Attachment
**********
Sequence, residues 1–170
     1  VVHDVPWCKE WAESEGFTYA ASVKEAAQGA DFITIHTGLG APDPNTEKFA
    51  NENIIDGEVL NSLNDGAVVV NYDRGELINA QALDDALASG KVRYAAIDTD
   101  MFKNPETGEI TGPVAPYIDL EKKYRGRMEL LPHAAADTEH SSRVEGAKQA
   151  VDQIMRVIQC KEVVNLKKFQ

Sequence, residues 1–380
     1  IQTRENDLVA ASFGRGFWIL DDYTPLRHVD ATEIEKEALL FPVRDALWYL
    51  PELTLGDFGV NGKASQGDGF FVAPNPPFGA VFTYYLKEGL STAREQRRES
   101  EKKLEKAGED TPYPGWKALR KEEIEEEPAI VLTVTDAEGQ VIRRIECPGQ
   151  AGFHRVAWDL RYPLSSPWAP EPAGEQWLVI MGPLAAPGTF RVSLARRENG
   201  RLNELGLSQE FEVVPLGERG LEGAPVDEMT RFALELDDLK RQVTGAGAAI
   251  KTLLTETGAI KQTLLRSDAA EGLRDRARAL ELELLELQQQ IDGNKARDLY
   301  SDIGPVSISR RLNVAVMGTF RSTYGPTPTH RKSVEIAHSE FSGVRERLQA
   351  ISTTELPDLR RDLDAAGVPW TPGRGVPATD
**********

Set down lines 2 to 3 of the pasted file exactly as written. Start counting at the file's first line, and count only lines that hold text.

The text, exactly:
     1  VVHDVPWCKE WAESEGFTYA ASVKEAAQGA DFITIHTGLG APDPNTEKFA
    51  NENIIDGEVL NSLNDGAVVV NYDRGELINA QALDDALASG KVRYAAIDTD